Verilli responded that the Court should rule on the issue since there are issues at stake that will not be fixed by waiting, including the rights of children of same-sex couples who should have the right to say their parents are married.

Cooper then returned to the podium for his rebuttal argument.  After some more questions about whether Court should have granted review, Cooper said, "it is true, as the people of California believe that it still is true, that the natural procreative capacity of opposite-sex couples continues to pose vitally important benefits and risks to society, and that's why marriage itself is the institution that society has always used to regulate those heterosexual, procreative — procreative relationships.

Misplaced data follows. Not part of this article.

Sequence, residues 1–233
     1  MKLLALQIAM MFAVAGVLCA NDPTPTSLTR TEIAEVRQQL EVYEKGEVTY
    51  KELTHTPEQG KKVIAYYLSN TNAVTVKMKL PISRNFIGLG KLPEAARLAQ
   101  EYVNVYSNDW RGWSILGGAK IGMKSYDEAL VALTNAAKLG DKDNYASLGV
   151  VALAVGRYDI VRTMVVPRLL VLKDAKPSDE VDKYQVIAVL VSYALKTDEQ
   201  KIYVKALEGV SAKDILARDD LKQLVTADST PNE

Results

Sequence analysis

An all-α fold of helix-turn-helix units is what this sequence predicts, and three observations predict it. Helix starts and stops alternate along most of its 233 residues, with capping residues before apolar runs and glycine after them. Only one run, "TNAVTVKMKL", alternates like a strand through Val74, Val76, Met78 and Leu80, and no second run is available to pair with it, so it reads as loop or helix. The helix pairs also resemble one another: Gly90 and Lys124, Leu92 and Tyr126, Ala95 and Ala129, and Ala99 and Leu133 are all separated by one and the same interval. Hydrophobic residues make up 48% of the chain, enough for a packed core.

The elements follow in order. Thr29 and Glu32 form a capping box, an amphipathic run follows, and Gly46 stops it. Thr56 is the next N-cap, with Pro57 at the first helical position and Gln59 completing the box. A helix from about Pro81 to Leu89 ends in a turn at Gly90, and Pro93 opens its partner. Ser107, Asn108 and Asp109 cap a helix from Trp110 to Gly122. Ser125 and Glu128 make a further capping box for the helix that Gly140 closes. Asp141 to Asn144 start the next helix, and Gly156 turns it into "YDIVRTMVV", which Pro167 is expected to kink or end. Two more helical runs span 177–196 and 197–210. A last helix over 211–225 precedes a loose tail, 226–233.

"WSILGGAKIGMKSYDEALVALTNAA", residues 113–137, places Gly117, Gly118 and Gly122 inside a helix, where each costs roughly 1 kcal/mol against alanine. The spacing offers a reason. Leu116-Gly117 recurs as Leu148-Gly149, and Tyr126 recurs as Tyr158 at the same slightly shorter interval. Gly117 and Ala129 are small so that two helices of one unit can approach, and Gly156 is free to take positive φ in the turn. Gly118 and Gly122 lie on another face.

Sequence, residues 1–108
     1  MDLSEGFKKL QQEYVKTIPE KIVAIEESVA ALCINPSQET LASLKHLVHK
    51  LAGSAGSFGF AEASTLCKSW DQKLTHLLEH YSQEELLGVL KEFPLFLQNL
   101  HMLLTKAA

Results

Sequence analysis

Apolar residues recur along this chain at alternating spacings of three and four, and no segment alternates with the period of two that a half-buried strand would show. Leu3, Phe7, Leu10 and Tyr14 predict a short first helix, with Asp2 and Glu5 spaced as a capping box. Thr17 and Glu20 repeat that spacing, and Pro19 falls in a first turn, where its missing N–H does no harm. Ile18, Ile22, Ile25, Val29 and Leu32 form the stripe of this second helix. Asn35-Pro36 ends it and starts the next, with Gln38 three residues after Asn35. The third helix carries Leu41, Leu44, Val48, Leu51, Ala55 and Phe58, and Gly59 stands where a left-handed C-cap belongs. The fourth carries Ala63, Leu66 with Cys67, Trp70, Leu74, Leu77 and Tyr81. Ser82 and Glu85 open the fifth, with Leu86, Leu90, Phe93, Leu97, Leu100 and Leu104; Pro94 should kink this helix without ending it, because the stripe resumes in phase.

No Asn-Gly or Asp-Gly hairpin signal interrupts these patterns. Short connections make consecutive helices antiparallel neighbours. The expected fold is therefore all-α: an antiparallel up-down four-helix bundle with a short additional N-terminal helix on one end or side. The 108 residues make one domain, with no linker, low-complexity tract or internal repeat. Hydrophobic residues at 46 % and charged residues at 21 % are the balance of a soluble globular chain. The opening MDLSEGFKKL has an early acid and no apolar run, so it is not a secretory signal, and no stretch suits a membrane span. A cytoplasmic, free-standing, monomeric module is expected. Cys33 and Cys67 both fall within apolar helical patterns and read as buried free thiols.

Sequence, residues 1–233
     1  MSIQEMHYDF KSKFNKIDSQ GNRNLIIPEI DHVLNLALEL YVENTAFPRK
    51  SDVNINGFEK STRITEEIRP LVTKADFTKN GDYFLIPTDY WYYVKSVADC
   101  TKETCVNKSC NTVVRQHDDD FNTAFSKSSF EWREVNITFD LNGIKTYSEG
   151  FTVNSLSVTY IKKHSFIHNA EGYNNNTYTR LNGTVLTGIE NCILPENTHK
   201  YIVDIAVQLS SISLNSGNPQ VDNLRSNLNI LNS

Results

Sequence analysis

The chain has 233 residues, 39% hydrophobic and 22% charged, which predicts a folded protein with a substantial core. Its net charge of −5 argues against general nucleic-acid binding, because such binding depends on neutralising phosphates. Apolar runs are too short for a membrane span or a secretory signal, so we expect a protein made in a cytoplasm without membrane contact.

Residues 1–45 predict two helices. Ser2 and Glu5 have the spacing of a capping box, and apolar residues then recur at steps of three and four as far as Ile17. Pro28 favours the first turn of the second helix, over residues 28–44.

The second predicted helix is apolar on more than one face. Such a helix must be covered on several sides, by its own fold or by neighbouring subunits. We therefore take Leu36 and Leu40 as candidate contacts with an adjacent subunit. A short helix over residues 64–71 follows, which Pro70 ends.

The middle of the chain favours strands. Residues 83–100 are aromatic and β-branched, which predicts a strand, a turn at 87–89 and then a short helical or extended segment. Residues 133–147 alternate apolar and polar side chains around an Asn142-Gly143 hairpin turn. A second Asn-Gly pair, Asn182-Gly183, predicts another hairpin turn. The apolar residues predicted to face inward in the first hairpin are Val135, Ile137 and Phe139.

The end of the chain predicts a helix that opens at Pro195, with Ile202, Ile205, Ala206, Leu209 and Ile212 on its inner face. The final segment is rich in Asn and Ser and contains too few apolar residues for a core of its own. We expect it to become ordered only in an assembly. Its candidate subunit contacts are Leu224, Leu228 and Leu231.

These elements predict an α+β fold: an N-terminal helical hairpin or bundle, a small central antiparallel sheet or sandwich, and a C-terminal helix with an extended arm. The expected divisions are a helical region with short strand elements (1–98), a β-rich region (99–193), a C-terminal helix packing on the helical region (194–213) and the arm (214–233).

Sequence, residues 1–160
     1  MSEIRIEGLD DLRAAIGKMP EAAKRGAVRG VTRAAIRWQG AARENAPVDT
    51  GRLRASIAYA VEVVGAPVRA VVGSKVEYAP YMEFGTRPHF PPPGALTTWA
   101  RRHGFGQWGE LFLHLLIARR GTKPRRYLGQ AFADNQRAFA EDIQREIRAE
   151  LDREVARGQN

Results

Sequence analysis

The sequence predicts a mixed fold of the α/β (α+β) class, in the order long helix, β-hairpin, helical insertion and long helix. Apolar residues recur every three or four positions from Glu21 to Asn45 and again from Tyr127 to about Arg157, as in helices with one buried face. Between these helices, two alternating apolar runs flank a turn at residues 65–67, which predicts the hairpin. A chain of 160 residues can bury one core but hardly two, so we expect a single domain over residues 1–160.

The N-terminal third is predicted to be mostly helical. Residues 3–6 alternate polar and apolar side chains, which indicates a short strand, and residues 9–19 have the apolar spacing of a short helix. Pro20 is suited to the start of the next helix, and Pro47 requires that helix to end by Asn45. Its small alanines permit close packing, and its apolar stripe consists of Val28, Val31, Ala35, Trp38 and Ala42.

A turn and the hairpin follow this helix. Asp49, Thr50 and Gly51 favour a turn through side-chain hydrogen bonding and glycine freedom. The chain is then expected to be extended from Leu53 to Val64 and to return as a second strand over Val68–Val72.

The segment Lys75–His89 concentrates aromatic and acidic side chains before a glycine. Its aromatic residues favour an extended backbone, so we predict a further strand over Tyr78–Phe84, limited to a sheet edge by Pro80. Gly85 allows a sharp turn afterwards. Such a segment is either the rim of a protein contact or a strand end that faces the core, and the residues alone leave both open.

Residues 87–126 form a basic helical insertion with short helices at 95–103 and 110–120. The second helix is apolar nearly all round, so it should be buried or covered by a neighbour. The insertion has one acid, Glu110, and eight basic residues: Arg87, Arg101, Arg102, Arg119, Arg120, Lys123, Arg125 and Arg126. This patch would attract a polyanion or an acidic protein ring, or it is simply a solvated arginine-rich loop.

Cooper concluded, "That democratic debate, which is roiling throughout this country, will definitely be coming back to California. It is an agonizingly difficult, for many people, political question. We would submit to you that that question is properly decided by the people themselves."

The matter was submitted.

At this point, it appears that the conservative wing of the Court is interested in sending the case back to the state rather than ruling on the issue while the liberal wing is interested in upholding the opinions of Judge Walker and the Ninth Circuit which found Proposition 8 was unconstitutional. The decision is anticipated to be released in June.

A full transcript and an MP3 of the Audio is available at HOLLINGSWORTH v. PERRY. The Oyez Project at IIT Chicago-Kent College of Law. 26 March 2013. .